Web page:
Smart phone shipments soar

Global smart phone sales soared 75% year-on-year to 13 million units in the third quarter of 2005, according to the numbercrunchers at UK research house Canalys. Nokia led the way once again while Palm saw shipments of its smart phones overtake its handheld device sales for the first time.

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By  Stuart Wilson Published  November 1, 2005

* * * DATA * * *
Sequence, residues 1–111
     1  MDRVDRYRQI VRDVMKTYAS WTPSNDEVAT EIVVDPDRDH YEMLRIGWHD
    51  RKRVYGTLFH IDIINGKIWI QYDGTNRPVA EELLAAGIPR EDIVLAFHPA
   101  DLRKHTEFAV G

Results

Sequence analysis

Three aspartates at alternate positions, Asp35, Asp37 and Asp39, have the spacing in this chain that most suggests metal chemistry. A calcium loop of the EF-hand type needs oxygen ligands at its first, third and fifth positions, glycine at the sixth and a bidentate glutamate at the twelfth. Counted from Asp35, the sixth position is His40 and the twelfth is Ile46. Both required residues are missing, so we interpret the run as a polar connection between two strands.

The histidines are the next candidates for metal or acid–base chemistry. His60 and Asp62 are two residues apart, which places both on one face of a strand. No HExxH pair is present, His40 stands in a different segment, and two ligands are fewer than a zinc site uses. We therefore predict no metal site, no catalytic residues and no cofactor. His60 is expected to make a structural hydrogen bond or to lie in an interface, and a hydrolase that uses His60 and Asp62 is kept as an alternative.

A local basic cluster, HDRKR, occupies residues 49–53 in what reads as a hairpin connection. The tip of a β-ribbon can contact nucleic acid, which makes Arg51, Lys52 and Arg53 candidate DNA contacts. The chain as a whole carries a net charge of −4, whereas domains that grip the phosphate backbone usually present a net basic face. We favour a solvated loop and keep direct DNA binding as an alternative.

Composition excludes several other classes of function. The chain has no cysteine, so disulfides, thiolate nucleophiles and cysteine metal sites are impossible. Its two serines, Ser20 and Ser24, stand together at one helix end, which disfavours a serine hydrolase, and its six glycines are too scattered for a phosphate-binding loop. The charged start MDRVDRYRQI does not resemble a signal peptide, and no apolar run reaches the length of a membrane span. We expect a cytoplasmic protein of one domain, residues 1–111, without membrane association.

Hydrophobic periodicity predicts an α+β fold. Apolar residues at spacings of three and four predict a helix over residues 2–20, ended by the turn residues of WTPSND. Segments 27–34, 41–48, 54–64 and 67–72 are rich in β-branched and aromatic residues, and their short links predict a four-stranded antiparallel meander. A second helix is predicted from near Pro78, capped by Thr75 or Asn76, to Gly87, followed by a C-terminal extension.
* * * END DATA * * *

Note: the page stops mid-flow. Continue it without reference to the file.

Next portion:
Global smart phone sales soared 75% year-on-year to 13 million units in the third quarter of 2005, according to the numbercrunchers at UK research house Canalys. Nokia led the way once again while Palm saw shipments of its smart phones overtake its handheld device sales for the first time. Overall handheld shipments fell 18% year-on-year while converged devices more than doubled in volume during the same period. Nokia shipped some 7.1 million smart phones globally during the third quarter. Palm’s overall shipments slipped 2% compared to a year earlier, but Treo smart phone shipments soared 71%. The first four positions stayed the same as the second quarter with top-placed Nokia followed by Palm, RIM and Motorola. HP leapfrogged Fujitsu to take fifth place, helped by solid demand for its hw6500 series wireless handhelds. Nokia actually grew its volumes at almost twice the overall market growth rate. Nokia’s global market share remains supported by its strength in EMEA. Canalys reckons that shipments in this region alone accounted for just under 70% of the vendor’s total smart phone shipments in the third quarter. Second placed Palm was the only other vendor besides Nokia to break the million-unit barrier in the third quarter, with smart phones representing 53% of its total global shipments. Palm has now announced that it will launch a Windows Mobile-based smart phone for the US market in 2006 and Canalys expects further changes in the vendor’s product mix during the next six months. Third placed RIM shifted 978,000 units in the third quarter. EMEA accounted for almost a quarter of global shipments, but RIM remains heavily dependent on sales in North America, which represented 74% of the vendor’s shipments in the third quarter. “Despite pioneering the market for enterprise push e-mail solutions and doing a great job of signing up new operators in many countries, the company is coming under increasing pressure from a number of hardware and software vendors, all chasing this lucrative segment,” said Rachel Lashford, analyst at Canalys. Starting from a relatively low base one year ago, Motorola’s global smart phone sales rocketed tenfold year-on-year to 694,000 units in the third quarter, assisted by shipments of the vendor’s Linux-based smart phones in China. According to Canalys, the handwriting recognition capability of these devices has proved to be a popular feature.

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